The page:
Orchids and onions
ORCHID: To Mahoning County Common Pleas Judge Anthony D’Apolito, who was honored earlier this month by the National Association of Social Workers as the Ohio Region 4 Elected Official of the Year. The award honored the judge’s work with the Veterans Felony Honor Court, which works to rehabilitate military veterans charged with crimes by providing counseling, mentoring, supervision and mental health services.
ORCHID: To outgoing Poland Township police Chief Brian Goodin for his service to the township, including the last 17 years at the helm. Goodin will retire in January after serving the township admirably. Orchid also to incoming chief, former detective Greg Wilson, who took the oath of office this week. He came to the township department in 1997. We appreciate service to the community by all good public servants. We wish Chief Goodin an enjoyable retirement, and we welcome Chief Wilson as the department’s new leader.
ONION: To those responsible for privately owned dams if they fall short on proper care and maintenance to ensure safety. Ohio Attorney General Dave Yost this week filed legal action, for instance, attempting to force repairs to the Coalburg Lake Dam located on Little Yankee run in Hubbard Township. Yost and the Ohio Department of Natural Resources are concerned that the structure’s failure would result in a significant loss of life, homes or businesses downstream. Indeed, private dams provide beautiful settings, but if not properly maintained, they represent serious risk.
ORCHID: To Youngstown City Schools CEO Justin Jennings, who announced this week that he intends to donate a $10,000 bonus he received from the state Academic Distress Commission to workers in the school district. The bonus is being divided among district school bus drivers, bus aides and food service workers.
ORCHID: To our first responders who are seeing continued upticks in the services they must provide, yet who still manage to do it well. Girard Fire Department, for instance, reported handling 2,000 calls this year for the first time. Ten years ago, it handled half that amount at 907 calls. Officials attribute the increase to things like an aging population. No matter what the cause, we applaud these first responders for continuing to do their jobs with professionalism.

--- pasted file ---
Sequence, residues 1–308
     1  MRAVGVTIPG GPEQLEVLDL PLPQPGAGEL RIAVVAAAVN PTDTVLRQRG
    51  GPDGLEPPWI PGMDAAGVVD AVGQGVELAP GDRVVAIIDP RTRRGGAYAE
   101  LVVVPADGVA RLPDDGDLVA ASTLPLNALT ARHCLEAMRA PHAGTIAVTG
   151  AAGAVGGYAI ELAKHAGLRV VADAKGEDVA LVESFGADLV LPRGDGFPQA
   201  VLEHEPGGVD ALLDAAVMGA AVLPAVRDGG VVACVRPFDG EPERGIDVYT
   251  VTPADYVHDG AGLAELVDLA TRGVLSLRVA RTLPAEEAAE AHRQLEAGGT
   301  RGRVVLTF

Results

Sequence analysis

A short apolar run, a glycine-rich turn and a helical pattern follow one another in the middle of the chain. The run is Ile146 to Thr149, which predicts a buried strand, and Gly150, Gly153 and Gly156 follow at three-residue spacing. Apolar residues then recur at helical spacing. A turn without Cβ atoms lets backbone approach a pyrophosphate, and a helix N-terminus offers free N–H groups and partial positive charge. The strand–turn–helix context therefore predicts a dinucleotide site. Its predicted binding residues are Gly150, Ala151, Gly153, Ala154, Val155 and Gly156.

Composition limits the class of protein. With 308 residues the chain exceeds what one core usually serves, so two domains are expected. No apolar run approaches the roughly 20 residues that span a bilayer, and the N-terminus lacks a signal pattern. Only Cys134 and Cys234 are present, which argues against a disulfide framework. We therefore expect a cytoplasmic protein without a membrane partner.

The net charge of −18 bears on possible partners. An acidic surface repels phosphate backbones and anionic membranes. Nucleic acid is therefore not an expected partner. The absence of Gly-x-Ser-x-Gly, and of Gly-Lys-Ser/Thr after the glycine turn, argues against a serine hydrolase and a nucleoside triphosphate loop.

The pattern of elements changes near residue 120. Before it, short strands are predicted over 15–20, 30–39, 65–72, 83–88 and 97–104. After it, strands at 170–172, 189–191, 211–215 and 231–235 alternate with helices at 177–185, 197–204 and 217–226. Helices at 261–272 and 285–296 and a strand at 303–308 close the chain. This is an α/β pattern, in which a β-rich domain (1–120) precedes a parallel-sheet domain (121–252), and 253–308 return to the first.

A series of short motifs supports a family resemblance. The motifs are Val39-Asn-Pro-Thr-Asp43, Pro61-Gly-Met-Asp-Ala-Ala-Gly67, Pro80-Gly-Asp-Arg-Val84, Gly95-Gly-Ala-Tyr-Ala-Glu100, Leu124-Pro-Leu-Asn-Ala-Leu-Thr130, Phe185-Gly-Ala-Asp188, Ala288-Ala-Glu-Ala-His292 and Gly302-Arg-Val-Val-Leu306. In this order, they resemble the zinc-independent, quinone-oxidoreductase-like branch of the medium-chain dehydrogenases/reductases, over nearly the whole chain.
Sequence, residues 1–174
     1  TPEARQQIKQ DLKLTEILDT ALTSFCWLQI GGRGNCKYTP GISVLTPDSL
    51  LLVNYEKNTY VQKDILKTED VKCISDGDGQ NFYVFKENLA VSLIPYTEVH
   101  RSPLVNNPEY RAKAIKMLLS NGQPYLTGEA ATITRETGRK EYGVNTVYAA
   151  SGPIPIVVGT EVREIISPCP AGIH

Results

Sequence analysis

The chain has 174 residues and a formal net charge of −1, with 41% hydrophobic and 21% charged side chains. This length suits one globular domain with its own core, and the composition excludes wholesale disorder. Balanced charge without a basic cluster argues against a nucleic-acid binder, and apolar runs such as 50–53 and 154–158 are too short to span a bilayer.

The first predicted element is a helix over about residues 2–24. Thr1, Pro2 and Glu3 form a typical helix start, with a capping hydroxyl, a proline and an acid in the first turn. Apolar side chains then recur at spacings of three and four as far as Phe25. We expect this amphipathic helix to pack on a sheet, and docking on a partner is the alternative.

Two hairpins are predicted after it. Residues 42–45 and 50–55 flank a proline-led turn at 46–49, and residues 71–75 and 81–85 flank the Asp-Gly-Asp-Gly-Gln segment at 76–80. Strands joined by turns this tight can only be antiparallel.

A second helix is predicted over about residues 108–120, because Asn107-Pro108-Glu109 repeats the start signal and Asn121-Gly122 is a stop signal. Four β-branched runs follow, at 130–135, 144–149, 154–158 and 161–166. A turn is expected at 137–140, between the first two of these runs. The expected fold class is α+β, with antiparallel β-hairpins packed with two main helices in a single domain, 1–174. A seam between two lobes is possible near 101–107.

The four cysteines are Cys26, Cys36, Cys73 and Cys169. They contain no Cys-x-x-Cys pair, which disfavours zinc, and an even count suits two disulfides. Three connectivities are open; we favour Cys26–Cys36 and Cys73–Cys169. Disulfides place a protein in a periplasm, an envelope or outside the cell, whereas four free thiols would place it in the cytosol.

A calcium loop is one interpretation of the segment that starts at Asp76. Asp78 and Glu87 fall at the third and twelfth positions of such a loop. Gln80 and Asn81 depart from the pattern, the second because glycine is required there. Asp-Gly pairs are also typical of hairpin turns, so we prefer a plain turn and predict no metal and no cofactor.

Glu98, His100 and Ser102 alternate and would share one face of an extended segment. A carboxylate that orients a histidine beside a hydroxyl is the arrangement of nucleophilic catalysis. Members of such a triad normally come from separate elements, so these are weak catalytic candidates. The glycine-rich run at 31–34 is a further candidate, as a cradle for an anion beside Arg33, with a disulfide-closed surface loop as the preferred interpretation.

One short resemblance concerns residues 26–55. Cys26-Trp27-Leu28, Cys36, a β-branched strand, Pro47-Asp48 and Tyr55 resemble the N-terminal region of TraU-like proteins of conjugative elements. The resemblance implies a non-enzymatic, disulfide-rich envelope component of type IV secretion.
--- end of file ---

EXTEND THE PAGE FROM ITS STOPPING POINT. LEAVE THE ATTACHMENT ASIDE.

ONION: To the Ohio Department of Health, which again reported “manual reporting errors at two laboratories,” resulting in 7,699 COVID-19 case undercount in Ohio since March. Previous COVID-19 tabulation or reporting errors included failure by ODH to report more than one in every four Ohio COVID-19 deaths and other incomplete case data last year. ODH website also has had numerous issues causing COVID-19 data reporting delays.
ORCHID: To those involved with even more economic development related to the $2.3 billion Ultium Cells plant being built in Lordstown. Recently, a company with ties to LG Energy Solution — building the Lordstown factory in a partnership with General Motors — purchased for $160,000 a downtown Niles office building to be used as test space for automation equipment for the Ultium Cells plant. The company will renovate the space and employ nine workers there. It’s just one more example of the far-reaching effect the new plant is having on our Valley.
ORCHID: To Western Reserve Transit Authority and some elected leaders in Trumbull County attempting to provide complete information about public transportation needs and services. Township and municipal leaders are invited to a meeting 6:30 p.m. Jan. 13 at the Trumbull County Educational Service Center to discuss WRTA’s transportation proposal. Indeed, views differ on local public transit needs, so education is critical before making this important decision.
ORCHID: To the Stephen Foster Chorus, which had been giving amazing performances for 75 years. Sadly, the group sung its final note in a Christmas show last week, due to dwindling membership. At one time, the chorus had as many as 30 members. Now, however, it was down to just eight active members. Thank you for the commitment and beautiful harmony throughout the years.
Orchids and onions
ORCHID: To the Youngstown Police Department for its proactive stance in reducing retail thefts in the city over the coming weeks, especially since such crimes always tend to increase around the holidays. Mayor Jamael Tito Brown, police Chief Carl Davis and other officials unveiled a plan this week, warning thieves that police are watching — sometimes in plain clothes. Officers, hoping to keep the city safe, will make extra checks on businesses throughout December. The plan will be aggressive against thieves and provide an important service to city businesses and to honest shoppers who suffer when profits walk out the door.
ONION: To trespassers who have been opening farm gates, freeing livestock from their enclosures around the area. The Mahoning County Farm Bureau said a string of such incidents has occurred recently, including two on Nov. 30 in Milton and Jackson townships. The scofflaw might have thought it funny, but the recent event resulted in the death of three horses and a foal, along with injury to a teen driver who struck two horses. Also, a 6-year-old girl was injured in a separate accident in Milton Township after a car struck a horse near Jackson-Milton Middle School. Now a reward is being offered for information leading to an arrest and conviction. Call 330-456-4889 or email firstname.lastname@example.org to share information.